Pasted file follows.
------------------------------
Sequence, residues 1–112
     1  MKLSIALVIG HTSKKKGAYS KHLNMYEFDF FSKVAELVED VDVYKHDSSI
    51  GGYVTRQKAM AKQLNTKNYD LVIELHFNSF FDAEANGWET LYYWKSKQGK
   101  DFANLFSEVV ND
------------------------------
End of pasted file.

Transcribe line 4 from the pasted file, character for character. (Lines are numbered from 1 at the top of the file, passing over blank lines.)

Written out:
   101  DFANLFSEVV ND